Yelly Eats

First bake!

I did say that my goal was to bake more so that I could blog more.

The first bake of the year is my take on the traditional stollen.  A stollen is described as a yeasted cake containing dried fruit and marzipan.  I love stollen!  While it is a joy to bake (the smell of dried fruit and mixed peel soaked in brandy is amazing!), sometimes, one needs instant gratification and a store-bought one provides the instant pleasure.  I was gutted however, when I found out that Lidl had run out completely of stollen AND stollen bites.  I don’t know about anyone else in the UK, but I think Lidl sources great stollen and panettone!  I’m not sure where they source their stollen from, but whoever makes that stollen, they have a cracking recipe.  The lack of store-bought stollen necessitated the baking (which wasn’t such a difficulty because baking stollen is a pleasure!).

I used Edd Kimber’s stollen recipe from his second book Say It With Cake (I have written about Edd Kimber’s recipes before.  I love his blueberry crumble pie and his red velvet cake recipe is to die for!).  Edd Kimber’s stollen recipe is probably my favourite recipe from all the stollen recipes so far.  I’ve been relatively successful with it (lately!).  But this year, instead of rolling the marzipan into a log to fill the center of the loaf, I’ve rolled the dough into a log with the marzipan forming a swirl pattern when the loaf was sliced.  I thought it would be good to spread the marzipan all over the bread to distribute it better so that you didn’t get a huge lump in the middle of the bread.  And I think it works!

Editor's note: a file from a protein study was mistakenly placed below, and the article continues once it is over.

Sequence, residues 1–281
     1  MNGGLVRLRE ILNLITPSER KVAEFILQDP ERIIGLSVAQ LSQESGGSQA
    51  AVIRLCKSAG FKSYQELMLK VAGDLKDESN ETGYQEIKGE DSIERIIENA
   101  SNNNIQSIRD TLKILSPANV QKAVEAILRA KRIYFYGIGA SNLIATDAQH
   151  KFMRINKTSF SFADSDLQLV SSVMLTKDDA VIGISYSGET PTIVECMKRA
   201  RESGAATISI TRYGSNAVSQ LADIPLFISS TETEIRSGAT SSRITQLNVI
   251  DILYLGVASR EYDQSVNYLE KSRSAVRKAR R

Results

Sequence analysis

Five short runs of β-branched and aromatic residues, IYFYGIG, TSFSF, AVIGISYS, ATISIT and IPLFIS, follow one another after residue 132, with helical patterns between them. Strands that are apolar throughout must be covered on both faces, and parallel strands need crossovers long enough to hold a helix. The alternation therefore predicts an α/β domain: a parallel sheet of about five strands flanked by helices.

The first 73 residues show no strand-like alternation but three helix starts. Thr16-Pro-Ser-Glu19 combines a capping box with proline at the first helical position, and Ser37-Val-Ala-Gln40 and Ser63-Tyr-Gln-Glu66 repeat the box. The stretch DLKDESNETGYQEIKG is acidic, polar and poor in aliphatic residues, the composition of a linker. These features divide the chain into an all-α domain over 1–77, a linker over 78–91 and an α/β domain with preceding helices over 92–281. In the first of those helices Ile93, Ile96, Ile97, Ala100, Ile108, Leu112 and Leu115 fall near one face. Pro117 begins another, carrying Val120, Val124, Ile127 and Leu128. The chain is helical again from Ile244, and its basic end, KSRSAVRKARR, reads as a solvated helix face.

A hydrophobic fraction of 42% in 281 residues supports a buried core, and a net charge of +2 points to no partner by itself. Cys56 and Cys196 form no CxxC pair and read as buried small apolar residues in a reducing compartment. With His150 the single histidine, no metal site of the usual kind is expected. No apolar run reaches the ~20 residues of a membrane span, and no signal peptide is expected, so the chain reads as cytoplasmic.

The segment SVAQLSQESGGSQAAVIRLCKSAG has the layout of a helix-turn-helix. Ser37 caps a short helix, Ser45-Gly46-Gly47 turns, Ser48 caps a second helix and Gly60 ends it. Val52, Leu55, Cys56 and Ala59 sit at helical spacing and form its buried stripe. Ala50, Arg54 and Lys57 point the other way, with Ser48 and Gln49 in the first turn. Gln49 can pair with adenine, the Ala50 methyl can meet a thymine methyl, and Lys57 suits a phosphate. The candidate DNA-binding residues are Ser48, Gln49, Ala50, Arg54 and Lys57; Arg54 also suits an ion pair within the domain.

I think this means I’m going to bake stollen again.  It doesn’t have to be Christmas for me to bake stollen, does it?

Stollen with marzipan swirl

Yelly Eats

Stollen from scratch!

So the goal for the holidays, really, was to make stollen from scratch.  I made stollen once before, but it was from a Mary Berry mix.  Everything was prepped for me so all I had to do was mix everything up.  I was determined to find a recipe I could follow that was as close to Mary Berry’s as possible.  I searched for a stollen recipe but suprisingly couldn’t find one in my numerous books (to be completely honest, I didn’t really look very far!  Ha!).  But as luck would have it, Edd Kimber’s book Say It With Cake has a wonderful recipe for stollen.

Stollen proofing

I added a little tidbit:  I soaked the dried fruits in brandy overnight.  Makes for an interesting taste.  It called for nuts in the recipe, but I didn’t have any to put in so I did without that.  And because I like my marzipan spread through out the bread instead of in a big lump in the middle, I rolled my marzipan flat so that it would be distributed throughout the loaf.

Stollen baked

I was quite surprised at the size of the stollen though.  It came out bigger than I thought!  But it did look so pretty when it was dusted with icing sugar!

Stollen dusted

I was quite pleased with how it’s turned out.  The stollen came out beautifully!  Am now not too afraid to make breads, aided of course by my Kenwood chef (obviously not paid advertisement, although, I would love it if Kenwood took notice and gave me free stuff!  Ha!).   I wanted to learn how to make stollen mostly because of my dad.  He talks about the time when his entire family lived in Vienna and stollen eventually filters into the conversation.  It has always been a dream to bake something that reminded my father of happy times with his parents and siblings.  A few more practice sessions so that I can develop my own take on stollen!  But until then, Edd Kimber’s recipe with my own tweaks to it will do me just fine!

Stollen